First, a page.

If the management of the ESB were not alert — and certainly it seems from recent events that they were not — to the depth of grievance and determination of the workers concerned and to the completely unexpected extent of support they got from fellow workers, they have been truly jolted awake in the past 48 hours. The electricians have made their point and The Worker's Party join with the other parties in the House in urging a suspension of the strike while urgent talks to resolve the dispute continue.

As we speak I understand that a formula is being hammered out under the auspices of the Labour Relations Commission and hopefully that formula is well on the way to being accepted by both parties. I hope it is accepted by both parties but if it should require further refinement, I suggest that that process can continue after the suspension of the strike action. The question must be asked, why talks on such a formula were only initiated after the strike began? Why were the ESB management so complacent? They say now that they were surprised at the level of support from other unions in the ESB. They are paid not to be surprised. They are paid not to be out of touch with such a critical category of the workforce in the ESB.

The House may, indeed, have been unaware and the public may have been taken by surprise but there is no excuse for the ESB management to have been taken by surprise to the extent that they were. The dispute, it is now clear, has been simmering for some years. As long ago as 4 March the internal agreement was observed when 30 days' notice were served by the union on the ESB management, as required in the cooling off period, and subsequently on 5 April, prior to initiating industrial action, the union concerned served 14 days notice of strike action.

Why was nothing done during that period of 44 days? That is what the public want to know. When were the Government first informed of the pending dispute in the ESB? That is something we have not been told. When they were informed why did they do nothing? If the elaborate industrial relations machinery that exists in the ESB was inadequate we have just put in place a more elaborate conciliation and industrial relations system than the old conciliation system of the Labour Court. Why was that system not up to the occasion? During the passage of the legislation in the House which put in place that system I offered the opinion that the Labour Relations Commission may be indeed a good solution, but what was the problem? It seems that the old Labour Court network would not have allowed this to happen.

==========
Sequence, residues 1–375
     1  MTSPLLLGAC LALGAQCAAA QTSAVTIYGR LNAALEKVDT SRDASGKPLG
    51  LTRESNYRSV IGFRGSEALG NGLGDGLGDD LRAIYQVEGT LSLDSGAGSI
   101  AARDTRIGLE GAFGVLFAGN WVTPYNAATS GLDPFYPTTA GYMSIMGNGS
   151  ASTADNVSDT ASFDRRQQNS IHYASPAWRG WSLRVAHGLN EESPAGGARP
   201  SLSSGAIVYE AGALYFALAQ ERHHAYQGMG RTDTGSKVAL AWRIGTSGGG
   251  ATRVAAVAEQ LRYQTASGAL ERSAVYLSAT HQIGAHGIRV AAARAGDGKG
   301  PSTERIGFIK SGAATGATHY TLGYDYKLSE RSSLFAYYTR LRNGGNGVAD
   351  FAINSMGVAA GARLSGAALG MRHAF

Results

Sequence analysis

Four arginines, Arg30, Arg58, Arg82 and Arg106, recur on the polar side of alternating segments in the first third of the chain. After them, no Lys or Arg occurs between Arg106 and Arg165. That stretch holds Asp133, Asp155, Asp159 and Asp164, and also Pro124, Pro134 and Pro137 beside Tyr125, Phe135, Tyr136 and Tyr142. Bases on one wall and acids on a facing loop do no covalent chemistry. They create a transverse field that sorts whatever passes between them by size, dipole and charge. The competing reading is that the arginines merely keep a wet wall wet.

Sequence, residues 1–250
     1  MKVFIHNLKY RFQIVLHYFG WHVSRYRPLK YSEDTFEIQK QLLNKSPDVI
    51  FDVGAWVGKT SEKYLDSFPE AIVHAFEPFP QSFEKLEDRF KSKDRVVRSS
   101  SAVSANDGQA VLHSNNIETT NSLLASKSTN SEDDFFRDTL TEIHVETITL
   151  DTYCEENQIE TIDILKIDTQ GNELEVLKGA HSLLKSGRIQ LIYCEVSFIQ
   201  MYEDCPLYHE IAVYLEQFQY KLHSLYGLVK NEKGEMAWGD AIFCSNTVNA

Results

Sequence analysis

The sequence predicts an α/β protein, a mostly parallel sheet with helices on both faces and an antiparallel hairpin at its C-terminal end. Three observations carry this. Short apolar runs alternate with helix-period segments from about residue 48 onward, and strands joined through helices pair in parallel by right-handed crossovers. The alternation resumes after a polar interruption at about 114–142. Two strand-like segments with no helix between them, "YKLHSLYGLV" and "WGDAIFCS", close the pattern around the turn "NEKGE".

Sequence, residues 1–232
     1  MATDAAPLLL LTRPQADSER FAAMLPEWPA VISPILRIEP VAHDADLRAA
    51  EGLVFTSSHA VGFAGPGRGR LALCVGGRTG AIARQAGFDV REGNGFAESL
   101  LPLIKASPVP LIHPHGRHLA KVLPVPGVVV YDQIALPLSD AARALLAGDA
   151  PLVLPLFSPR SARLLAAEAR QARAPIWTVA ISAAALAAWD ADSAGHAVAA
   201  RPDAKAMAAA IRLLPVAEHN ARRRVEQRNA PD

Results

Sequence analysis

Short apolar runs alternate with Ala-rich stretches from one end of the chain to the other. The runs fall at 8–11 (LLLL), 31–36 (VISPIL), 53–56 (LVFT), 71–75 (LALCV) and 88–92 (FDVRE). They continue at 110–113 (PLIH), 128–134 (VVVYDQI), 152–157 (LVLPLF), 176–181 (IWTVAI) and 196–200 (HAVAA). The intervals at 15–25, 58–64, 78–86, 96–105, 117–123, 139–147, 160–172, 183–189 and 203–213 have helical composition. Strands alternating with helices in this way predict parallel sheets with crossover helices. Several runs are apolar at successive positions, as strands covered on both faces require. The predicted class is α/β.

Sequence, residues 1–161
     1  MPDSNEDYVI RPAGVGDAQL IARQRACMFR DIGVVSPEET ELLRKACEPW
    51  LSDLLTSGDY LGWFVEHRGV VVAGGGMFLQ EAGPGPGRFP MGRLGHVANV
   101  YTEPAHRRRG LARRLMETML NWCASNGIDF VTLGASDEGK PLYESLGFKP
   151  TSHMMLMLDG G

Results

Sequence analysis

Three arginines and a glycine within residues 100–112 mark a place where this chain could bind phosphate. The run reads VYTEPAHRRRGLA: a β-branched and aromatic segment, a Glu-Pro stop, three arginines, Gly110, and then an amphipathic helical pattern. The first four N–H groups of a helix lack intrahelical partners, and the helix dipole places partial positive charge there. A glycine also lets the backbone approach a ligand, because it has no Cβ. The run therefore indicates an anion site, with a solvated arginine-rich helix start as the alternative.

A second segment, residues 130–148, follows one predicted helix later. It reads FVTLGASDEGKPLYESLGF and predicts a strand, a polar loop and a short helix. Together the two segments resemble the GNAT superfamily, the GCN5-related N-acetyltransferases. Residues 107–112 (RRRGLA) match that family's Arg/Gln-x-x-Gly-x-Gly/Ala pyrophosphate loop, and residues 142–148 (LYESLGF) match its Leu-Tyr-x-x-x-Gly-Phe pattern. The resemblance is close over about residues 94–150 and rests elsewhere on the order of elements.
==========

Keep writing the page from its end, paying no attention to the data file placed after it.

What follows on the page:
It is extraordinary that both the ESB management and the Government have been caught napping in the manner in which they were. It is reasonable to ask whether the fact that the Programme for Economic and Social Progress is now in place has induced a sense of complacency in management of major enterprises here and in the Government. They seem to be absolutely satisfied that there can be no fractures of industrial peace now merely because they have managed to put the Programme for Economic and Social Progress in place. That clearly is not the case having regard to what has happened and that kind of complacency is not justified.

Indeed, it is unthinkable, as I said yesterday, that in a dispute so grave as this negotiations were not initiated on Friday night rather than on Monday after the strike started. The Minister for Labour seemed to be in as scant evidence as the chief executive of the Labour Relations Commission. The Minister, when enacting the new industrial relations Act, made clear in section 38 of that Act that he wished to reserve the right, in grave disputes affecting the public interest, to intervene and facilitate a settlement in the manner specified in subsection (1) of that section. It seems there is nothing sacrosanct about the internal machinery in the ESB whereby if it did fall down, as it so manifestly did on this occasion, it was open to the Minister to intervene, as provided for in the Act, and to cause, as he has power to do, the Labour Relations Commission or indeed any other person to conduct an inquiry into the dispute. The Act states that where the Minister is of the opinion that a trade dispute is of special importance, he may request the commission, the court or another person or body to conduct an inquiry into that dispute and furnish him with the findings. It seems that should have been done when faced with the present crisis.